The world discovered Simonova’s artistry in 2009, when she won the inaugural season of “Ukraine’s Got Talent.” She became a hero in her hometown of Yevpatoriya in Crimea. One of her final appearances on the show, a sand art retelling of scenes from the Soviet victory during World War II (known as the Great Patriotic War in Russia) has more than 39 million YouTube views.
“I think it will be viewed also in 100 years. As it would have been viewed 100 years ago if that was possible,” Simonova, 33, said in a translated email. “The reason is simple. I tell about life. Life is always life, love, death, pain, joy, birth, war. . . . I just tell my story.”
How does one wind up as a sand artist? In a YouTube video, Simonova talks about seeing “fantastic things” in her dreams as a child, and she would wake up and try to draw in the air with her finger. She didn’t consider sand art until she was a graphic design student, when she saw a glass table covered in sand while visiting a magazine office, and the editor encouraged her to create a drawing.
Initially, Simonova didn’t want to return to the “Got Talent” stage; yet eventually, she felt that competitive spirit.
“I was sure ‘UGT’ was my first ever and last ever contest,” she said. “But ‘AGT: Champions’ was announced as contest among winners. I couldn’t give up my winner title.”
Stevie Starr, regurgitator (Scotland)
Warning: If you have a weak stomach, you may want to look away when Stevie Starr comes on the screen. Starr, 56, is known as the Professional Regurgitator because . . . well, he can regurgitate things. Anything, really.
“I’m gonna swallow things and bring them up again,” Starr said matter-of-factly to host Nick Cannon before his audition during “America’s Got Talent” Season 10 in 2015.
In fact, that’s what he did. Explaining he could regurgitate any object (keys, lightbulbs, goldfish, bees), he gulped down and then brought back up four coins. Cannon looked repulsed, but the judges loved it, and were intrigued by his backstory. Starr explained that he discovered this talent when he was living in an orphanage growing up in Scotland, and would swallow his money so the other kids couldn’t take it away.
Starr (who wasn’t available for an interview) finished in fourth place that season. That was after he had already completed successful stints on the British, Italian and French versions of “Got Talent” — proving that audiences all over the world are fascinated by spectacles that are both extremely impressive and extremely gross.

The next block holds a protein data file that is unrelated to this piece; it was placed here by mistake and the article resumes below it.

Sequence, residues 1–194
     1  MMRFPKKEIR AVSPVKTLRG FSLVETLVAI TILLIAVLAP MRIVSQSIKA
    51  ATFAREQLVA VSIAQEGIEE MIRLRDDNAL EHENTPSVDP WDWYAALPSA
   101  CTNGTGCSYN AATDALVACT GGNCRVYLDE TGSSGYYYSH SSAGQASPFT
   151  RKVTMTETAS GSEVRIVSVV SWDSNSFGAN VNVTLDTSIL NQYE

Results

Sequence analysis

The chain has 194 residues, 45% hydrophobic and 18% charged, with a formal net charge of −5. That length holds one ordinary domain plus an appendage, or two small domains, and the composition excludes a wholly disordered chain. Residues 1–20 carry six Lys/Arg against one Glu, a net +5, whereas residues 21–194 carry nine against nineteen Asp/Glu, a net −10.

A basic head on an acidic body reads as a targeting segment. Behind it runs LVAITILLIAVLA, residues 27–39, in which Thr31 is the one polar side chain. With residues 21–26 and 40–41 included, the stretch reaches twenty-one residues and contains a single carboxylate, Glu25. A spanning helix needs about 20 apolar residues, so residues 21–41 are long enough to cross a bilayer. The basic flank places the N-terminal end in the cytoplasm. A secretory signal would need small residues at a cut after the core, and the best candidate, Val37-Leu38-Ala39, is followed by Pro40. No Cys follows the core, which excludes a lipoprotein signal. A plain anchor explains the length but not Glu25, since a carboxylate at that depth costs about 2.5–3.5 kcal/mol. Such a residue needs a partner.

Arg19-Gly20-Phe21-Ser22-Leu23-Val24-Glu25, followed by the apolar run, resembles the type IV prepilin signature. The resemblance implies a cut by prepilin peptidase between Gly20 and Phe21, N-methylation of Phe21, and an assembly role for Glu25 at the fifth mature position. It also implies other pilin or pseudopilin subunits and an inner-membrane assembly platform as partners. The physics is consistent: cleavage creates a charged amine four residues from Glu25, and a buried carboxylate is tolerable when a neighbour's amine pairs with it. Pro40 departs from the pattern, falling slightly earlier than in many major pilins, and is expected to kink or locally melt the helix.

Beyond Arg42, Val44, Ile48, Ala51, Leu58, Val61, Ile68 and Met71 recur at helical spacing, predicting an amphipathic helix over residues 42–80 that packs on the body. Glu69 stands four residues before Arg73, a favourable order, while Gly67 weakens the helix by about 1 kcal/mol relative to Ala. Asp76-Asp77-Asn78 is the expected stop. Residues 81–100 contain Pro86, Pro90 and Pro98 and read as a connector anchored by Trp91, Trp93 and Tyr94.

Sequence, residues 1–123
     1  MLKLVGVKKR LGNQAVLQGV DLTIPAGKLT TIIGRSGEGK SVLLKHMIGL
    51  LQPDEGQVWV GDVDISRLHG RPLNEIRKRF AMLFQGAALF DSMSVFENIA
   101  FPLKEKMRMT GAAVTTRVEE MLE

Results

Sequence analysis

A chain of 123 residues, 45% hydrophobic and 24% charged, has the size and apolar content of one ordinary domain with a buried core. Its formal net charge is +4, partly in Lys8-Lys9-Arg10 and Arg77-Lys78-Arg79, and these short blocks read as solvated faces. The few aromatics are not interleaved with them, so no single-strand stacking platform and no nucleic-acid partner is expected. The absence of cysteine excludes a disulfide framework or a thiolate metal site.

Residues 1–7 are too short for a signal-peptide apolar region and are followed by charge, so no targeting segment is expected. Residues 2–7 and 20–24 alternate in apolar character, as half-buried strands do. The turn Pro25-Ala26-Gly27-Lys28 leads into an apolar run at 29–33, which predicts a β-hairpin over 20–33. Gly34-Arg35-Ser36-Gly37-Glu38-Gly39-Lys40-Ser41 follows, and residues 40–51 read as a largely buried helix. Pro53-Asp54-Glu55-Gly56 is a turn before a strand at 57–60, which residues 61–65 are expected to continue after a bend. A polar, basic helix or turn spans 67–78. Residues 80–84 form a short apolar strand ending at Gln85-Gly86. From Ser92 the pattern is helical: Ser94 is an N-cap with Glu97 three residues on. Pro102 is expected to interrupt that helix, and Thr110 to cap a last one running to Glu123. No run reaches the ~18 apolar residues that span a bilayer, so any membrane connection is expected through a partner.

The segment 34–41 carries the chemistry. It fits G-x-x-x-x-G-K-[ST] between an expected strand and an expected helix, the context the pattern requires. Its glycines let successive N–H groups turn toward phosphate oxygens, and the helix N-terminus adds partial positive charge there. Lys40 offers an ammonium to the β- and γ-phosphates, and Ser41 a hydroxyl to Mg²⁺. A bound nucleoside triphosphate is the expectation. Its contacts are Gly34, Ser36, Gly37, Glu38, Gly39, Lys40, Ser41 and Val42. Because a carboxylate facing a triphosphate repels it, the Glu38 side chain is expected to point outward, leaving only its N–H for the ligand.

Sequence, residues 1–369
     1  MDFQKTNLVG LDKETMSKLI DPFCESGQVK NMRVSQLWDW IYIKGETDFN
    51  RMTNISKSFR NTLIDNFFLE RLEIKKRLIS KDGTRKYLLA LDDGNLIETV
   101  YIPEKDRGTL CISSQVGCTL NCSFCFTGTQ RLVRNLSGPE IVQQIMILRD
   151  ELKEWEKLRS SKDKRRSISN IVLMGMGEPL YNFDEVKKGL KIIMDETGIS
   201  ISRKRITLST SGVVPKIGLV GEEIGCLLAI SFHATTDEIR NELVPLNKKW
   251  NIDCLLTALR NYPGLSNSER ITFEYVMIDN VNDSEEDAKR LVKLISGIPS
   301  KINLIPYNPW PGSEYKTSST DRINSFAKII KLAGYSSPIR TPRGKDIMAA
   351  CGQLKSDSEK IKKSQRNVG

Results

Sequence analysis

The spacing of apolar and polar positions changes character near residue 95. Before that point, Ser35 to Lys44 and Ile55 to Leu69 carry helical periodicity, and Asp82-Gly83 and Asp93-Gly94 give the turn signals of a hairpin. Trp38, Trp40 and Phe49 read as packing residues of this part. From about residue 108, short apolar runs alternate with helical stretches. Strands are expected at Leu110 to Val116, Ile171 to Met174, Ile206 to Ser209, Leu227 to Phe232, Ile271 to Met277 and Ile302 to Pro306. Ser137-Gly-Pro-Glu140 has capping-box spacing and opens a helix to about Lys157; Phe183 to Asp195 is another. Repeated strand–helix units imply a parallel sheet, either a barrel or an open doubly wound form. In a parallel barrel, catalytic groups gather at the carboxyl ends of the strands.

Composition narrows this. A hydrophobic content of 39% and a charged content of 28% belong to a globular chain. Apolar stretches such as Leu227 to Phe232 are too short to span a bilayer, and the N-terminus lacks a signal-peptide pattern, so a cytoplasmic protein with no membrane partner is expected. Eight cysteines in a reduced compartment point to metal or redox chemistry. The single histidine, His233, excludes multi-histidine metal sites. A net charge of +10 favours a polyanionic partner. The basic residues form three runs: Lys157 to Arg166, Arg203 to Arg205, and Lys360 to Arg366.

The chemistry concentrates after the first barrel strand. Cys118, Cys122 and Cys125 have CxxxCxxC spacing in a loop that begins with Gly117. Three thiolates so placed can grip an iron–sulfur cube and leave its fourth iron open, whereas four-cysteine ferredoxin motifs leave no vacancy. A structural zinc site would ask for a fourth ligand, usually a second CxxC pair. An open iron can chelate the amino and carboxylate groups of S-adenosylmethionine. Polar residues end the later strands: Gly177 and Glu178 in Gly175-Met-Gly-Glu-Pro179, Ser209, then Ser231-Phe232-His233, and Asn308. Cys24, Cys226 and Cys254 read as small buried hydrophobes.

Billy and Emily England, danger roller skaters (Britain)
When Billy and Emily England were young, their mother was desperate to get them to play outside, despite the gross weather in the U.K.; so as motivation, she bought the siblings roller skates. They soon realized they had a knack for stunts, and over years of performing at schools, churches and on local TV, they honed their act as a danger roller skating duo.
If you don’t think something is possible to do on skates, they’ll prove you wrong: flips, lifts, Billy spinning Emily around at dangerous speeds. It’s not uncommon to see panicked audience members cover their eyes, sure they’re about to witness a horrific accident.
As Emily said in a phone interview, the goal is: “How scared can we make people?” The strategy worked flawlessly on Season 9 of “Britain’s Got Talent” in 2015, when they made it to the semifinals. (“I’ve actually never seen an act like that in my life,” judge Simon Cowell said.) Two years later, they went to the semifinals on Season 12 of “America’s Got Talent” and stunned the judges when Emily spun around while just holding Billy’s beard.
On “Champions,” they hope to promote “Absinthe,” the Las Vegas circus where they perform, and show off their routines on the side of the pond that especially appreciates their skills. “Roller skating in America is way bigger than in England,” said Billy, adding that Americans will wistfully tell him their childhood skating stories. “So people love it more out here.”
America’s Got Talent: The Champions (two hours) premieres Monday at 8 p.m. on NBC.